What is Community?


I have an author Facebook page. It is inhabited by a community of people from all over and I have met very few of them in person. The interaction on that page has increased my thinking about the word community.

What does the word community mean to you? Do you automatically belong to a community because you move into a neighborhood? How far are the boundaries of any community you might consider in response to that question? Is your concept of community inclusive, open and welcoming, or exclusive with a list of requirements? What kind of requirements? Education level? Intelligence level? Economics? Racial? Do you have a list of people excluded from your community?

I am asking myself all these questions and more. One day I looked in the mirror and saw a judgmental person. She looked a lot like me but I knew I was not judgmental. Must be someone else, a coincidence.

But when I listed some of my own character traits, I either had to ignore my core value of honesty or admit I wasn’t so sure I’d like to be my own friend, a neighbor to me, a member of my community. I might fight the urge to pull in the welcome mat so I wouldn’t knock on my own door.

I have to push myself to be social. I am an introvert. And I’ve waved that introvert flag frequently. I’m a writer, far too busy to interact at community social events. I am not into shopping, or discussing home decorating, or a short list of things enjoyed by other women. Thus, I’ve told myself for years I needn’t hang out with any of them. I’ll just stay home and read my Bible, read worthwhile challenging books, none of that fluff stuff for me. I’ll only be friends with people who like the same things I like. (Other folks have crept in who are very different from me but in my selfishness, I prefer folks like me to be my friends. That means I miss the richness of individuals as each one of us is unique. That means I miss knowing people loved by God.)

The conviction of my own sins and selfishness has been slow coming but it has come. It’s not possible for me to promote myself as an author who believes in the Gospel, in God’s grace, in the model of Jesus who lived a life of interacting with an interesting variety of people, and who died for all of us, believers or not. Out of that late in life conviction came a desire, no a hunger, to reach out more. To engage with readers of this blog, followers on my author page, and more importantly to the people who live in our 55 plus mobile home community, especially to women where I live.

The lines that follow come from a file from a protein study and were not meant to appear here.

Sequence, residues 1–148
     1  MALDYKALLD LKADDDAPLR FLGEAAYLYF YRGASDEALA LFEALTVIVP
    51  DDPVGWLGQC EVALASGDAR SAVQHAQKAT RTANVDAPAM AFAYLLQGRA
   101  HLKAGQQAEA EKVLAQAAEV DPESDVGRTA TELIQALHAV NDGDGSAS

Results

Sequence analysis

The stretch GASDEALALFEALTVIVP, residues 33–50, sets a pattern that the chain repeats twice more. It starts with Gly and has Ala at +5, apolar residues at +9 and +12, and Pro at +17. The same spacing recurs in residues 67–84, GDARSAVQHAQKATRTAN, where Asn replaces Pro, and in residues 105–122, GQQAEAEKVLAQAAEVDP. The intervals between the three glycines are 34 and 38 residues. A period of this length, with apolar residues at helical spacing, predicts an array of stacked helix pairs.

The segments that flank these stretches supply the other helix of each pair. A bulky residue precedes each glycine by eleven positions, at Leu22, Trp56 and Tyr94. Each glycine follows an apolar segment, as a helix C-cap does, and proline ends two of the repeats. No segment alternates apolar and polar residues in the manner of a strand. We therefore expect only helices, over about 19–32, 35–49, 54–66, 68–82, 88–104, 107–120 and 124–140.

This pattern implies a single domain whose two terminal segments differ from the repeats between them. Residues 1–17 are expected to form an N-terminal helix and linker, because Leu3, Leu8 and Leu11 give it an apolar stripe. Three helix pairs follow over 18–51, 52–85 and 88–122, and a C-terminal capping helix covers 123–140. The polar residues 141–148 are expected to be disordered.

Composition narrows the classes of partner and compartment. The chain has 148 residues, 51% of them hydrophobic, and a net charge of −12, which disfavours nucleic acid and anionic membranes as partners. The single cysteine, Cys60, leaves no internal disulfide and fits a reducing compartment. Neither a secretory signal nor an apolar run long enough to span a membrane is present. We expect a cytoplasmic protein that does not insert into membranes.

I hope in a couple of months to invite women who live in this Florida mobile home park to come and talk about that word, community. What kind of community do we live in? What kind of community do they dream we might become? How do we as a group and as individuals love our neighbors even though we might not be best buddies or close friends? Love is not an emotion. Love is an action.

I invite you to ponder that word community, to think about it, to pray about it. Reach out to a lonely neighbor, stop and talk to the person you least want to, don’t judge, be a model of civility, a trait now in decline. Not asking anyone to be a glad hander, or forcing deep friendships. We all can figure this out. I thank God for the home in which I was raised, in the community in which I was raised and in the era in which I was raised. I have that experience to use as a guiding light in my efforts to be a person who extends a simple hello and a smile.

If you want, let me know how you do on this. Pray I do better than okay. Thanks.


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